In 2018, the American Nurses Association Board of Directors adopted a revised position statement on the “Nurse's Role in Addressing Discrimination: Protecting and Promoting Inclusive Strategies in Practice Settings, Policy and Advocacy.”1 This statement defines discrimination and its relationship to health disparities. It lists 11 activities and strategies to combat discrimination through the promotion of inclusive communities of care, a more diverse nursing workforce reflective of the US population, and culturally sensitive, patient-centered care. But what if nurses themselves are the targets of racism? Does the profession have the awareness and the will to deal with racism within its own ranks and institutions?
In my search to answer this question I stumbled upon a 1993 article by Evelyn Barbee2 on “Racism in US Nursing,” published in 1993 in the Medical Anthropology Quarterly. Barbee described her difficulties in writing about racism, which, as a Black nurse, she had experienced firsthand, from her student days to her practice and education roles. Her primary obstacle was in “deciding how to write about a problem that, at least according to the nursing literature, does not exist.”2(p347) She believed that racism in nursing was “deep seated and pernicious.” Using the results of a literature search with scanty yield, Barbee identified 3 types of racism existing in nursing; denial, the color-blind perspective, and aversive racism occurring when “egalitarian group values” collide with hidden negative feelings about Blacks. She further recounts the struggle of Black nurses to become full members of major nursing organizations, which led to the creation of the National Black Nurses Association in 1982. At the heart of Barbee's viewpoint are 3 questions. Can a profession that advances “caring” as a core concept and value engage in overt or inadvertent racist practices, as a group or individually? Can a profession that stands on tradition and homogeneity break free from both individual and structural racism? Can the nursing profession embrace the conflict that often comes with challenging racist practices?
I have never considered my own behavior racist in any way, but as I considered Barbee's insights, I concluded that my own “whiteness” often prevented me from seeing deeply and clearly as in the following situation. Several years ago, I was approached by a Black student nurse who had been dismissed from a nursing program. She thought I might be helpful, given my position and “reputation for tackling difficult problems,” as she described it. This student had experienced some interpersonal difficulties in a clinical course. She was counseled by faculty and school administrators on her “inappropriate attitude” and “difficult behavior.” She asked repeatedly for another chance, given that her academic performance was good and given that the clinical incident used as the dismissal factor had many sides. It did not help that the student left the clinical site using angry language and I pointed that out. Even after apologizing, writing an appeal with which I helped, the dismissal decision was upheld. So much for “tackling difficult problems.”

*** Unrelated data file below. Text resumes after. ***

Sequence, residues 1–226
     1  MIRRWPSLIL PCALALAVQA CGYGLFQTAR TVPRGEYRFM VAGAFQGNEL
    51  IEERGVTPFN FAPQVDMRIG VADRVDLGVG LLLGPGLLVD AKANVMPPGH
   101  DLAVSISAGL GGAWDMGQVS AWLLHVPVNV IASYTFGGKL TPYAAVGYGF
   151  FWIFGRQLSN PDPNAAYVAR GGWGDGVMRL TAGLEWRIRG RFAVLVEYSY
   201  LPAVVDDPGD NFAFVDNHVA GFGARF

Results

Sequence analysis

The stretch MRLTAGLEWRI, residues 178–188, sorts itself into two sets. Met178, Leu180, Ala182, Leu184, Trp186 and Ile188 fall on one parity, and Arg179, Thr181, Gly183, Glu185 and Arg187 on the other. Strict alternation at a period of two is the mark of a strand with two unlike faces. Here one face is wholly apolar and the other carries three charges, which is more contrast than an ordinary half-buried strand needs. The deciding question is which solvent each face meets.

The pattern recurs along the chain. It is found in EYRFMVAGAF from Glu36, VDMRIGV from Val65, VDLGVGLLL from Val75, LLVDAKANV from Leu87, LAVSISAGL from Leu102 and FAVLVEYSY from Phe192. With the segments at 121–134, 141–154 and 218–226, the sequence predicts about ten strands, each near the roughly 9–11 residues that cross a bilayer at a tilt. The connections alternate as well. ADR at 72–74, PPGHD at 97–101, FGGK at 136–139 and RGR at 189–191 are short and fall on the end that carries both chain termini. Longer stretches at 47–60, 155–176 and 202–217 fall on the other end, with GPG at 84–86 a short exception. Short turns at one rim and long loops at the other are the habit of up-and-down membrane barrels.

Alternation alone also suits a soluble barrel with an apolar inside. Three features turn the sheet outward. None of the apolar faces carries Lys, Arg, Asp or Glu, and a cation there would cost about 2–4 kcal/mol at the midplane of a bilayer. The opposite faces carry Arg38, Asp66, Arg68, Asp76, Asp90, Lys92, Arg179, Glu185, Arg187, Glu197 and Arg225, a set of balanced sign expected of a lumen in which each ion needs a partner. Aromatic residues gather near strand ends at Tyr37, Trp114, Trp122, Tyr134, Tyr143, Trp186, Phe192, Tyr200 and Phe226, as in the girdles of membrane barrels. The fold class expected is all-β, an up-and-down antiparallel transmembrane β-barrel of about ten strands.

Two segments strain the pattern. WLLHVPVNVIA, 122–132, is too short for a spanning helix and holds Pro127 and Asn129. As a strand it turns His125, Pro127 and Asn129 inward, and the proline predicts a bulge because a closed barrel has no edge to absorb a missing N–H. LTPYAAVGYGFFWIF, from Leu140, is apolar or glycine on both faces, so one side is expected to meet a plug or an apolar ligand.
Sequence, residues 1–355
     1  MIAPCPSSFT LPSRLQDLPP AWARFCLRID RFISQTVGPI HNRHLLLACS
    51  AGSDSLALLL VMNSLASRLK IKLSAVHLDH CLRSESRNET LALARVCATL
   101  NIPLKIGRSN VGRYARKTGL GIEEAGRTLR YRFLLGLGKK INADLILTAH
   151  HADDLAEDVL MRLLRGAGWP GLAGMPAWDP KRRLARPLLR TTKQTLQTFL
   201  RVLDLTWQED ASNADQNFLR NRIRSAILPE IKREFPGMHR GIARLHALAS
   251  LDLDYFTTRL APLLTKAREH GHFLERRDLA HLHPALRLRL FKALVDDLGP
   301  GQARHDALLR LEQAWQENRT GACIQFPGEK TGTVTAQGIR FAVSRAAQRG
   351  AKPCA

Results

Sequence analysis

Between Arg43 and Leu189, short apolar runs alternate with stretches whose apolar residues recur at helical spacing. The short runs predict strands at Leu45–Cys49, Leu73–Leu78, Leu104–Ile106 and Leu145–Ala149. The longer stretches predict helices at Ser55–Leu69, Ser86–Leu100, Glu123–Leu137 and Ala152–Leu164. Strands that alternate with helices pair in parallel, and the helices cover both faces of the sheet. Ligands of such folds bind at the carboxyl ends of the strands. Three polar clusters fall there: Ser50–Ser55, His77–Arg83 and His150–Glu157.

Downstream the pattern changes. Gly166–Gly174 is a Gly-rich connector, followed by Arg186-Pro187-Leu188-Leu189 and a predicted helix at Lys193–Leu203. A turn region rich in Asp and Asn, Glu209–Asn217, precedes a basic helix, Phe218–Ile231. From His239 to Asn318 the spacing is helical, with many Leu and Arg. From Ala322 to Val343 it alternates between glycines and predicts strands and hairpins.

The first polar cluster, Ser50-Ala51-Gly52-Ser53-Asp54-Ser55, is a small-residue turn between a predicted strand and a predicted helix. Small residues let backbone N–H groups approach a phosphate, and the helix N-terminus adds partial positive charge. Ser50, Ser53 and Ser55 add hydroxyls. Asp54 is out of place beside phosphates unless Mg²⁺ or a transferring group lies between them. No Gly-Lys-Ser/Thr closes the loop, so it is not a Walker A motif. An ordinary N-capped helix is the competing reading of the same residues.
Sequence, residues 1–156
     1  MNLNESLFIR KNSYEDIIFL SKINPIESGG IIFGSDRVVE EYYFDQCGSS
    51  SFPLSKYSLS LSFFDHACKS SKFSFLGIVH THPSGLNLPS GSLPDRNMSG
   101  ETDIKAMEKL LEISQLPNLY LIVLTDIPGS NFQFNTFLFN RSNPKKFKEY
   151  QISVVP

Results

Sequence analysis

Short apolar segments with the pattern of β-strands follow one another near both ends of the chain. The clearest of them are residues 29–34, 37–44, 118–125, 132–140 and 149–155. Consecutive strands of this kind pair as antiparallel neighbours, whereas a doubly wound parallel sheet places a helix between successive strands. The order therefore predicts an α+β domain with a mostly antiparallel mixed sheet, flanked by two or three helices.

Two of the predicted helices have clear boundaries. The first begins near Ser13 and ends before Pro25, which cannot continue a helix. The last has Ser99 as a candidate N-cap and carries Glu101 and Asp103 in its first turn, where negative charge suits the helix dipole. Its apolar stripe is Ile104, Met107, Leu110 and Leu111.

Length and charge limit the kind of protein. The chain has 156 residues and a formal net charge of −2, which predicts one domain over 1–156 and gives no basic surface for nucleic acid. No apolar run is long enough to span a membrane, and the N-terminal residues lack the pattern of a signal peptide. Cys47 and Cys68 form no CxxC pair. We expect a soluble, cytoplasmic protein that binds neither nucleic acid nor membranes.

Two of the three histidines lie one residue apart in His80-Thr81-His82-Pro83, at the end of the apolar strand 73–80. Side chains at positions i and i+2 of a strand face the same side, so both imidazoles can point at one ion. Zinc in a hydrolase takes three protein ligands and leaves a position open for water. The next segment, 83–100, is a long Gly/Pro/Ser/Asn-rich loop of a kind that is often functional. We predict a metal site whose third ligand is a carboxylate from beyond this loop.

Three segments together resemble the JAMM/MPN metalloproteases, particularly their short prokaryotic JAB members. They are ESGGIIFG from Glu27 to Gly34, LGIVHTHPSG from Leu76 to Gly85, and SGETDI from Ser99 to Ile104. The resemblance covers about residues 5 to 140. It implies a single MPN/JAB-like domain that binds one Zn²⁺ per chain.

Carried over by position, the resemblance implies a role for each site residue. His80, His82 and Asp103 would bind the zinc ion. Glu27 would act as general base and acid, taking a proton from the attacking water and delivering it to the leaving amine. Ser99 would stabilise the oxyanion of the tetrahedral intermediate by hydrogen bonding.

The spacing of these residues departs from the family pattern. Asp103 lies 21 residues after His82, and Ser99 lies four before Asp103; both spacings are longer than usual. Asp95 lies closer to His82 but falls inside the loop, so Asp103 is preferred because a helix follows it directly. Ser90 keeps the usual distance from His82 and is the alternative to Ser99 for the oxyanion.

I firmly believed that I had made my best effort on behalf of this student until I read Barbee's article. I acknowledged to the student that the clinical staff and the school administrator put “rules and protocol” over “understanding, caring, and student advocacy.” However, instead of finding some creative way to influence the school administrator, I encouraged the student to soften her challenges, to “play the game,” “model the school's expected behavior,” “tone down” her anger, and “get advice from a student colleague who had successfully appealed.” I asked the student how much she knew about the traditions of the school and whether she could reflect these traditions in her appeal. And, finally, I emphasized the importance of avoiding confrontation and conflict, especially with the school administrator and petitioning for a second chance to complete the program. The student took my advice but to no avail—the dismissal stood. In retrospect, my guidance was grounded in my experience as a white school administrator—look at the situation, placate the authorities, don't make waves and follow written policy. This guidance was certainly not consistent with my past clinical practice as an assertiveness trainer and the published accounts of my nurse activism.3 I did not listen deeply enough to the voice of this Black student. I considered racism as a possibility but never spoke the word—shame on me!
This reawakening to the issue of racism in nursing led me to the NurseManifest blog site (https://nursemanifest.com/) developed by Richard Cowling, Peggy Chinn, and Susan Hegedorn. The blog site is devoted to giving Black, Indigenous, Latinx, and other Nurses of Color, a platform to tell their stories and to inspire action that will lead to positive change. It is my hope that the readers of Holistic Nursing Practice will join NurseManifest, share their stories, and drive the change so desperately needed to address racism in nursing and health care.
—Gloria F. Donnelly, PhD, RN, FAAN, FCPP
Editor in Chief
1. ANA Center for Ethics and Human Rights, American Nurses Association. Nurse's role in addressing discrimination: protecting and promoting inclusive strategies in practice settings, policy and advocacy. https://www.nursingworld.org/∼4ab207/globalassets/practiceandpolicy/nursing-excellence/ana-position-statements/social-causes-and-health-care/the-nurses-role-in-addressing-discrimination.pdf
. Published 2018. Accessed August 17, 2020.
2. Barbee E. Racism in US nursing. Med Anthropol Q. 1993;7(4), Racism, Gender, Class, and Health (Dec 1993):346–362.
3. Donnelly G, Mengel A, King E. Anatomy of a conflict. Superv Nurse. 1975;6(11):28–38.